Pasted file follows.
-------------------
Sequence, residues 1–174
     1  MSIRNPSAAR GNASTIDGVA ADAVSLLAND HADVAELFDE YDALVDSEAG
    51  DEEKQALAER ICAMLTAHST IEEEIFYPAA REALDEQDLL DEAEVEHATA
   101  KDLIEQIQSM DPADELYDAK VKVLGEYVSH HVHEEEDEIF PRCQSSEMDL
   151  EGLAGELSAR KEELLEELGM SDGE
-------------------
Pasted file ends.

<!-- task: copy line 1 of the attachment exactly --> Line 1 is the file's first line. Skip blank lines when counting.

Sequence, residues 1–174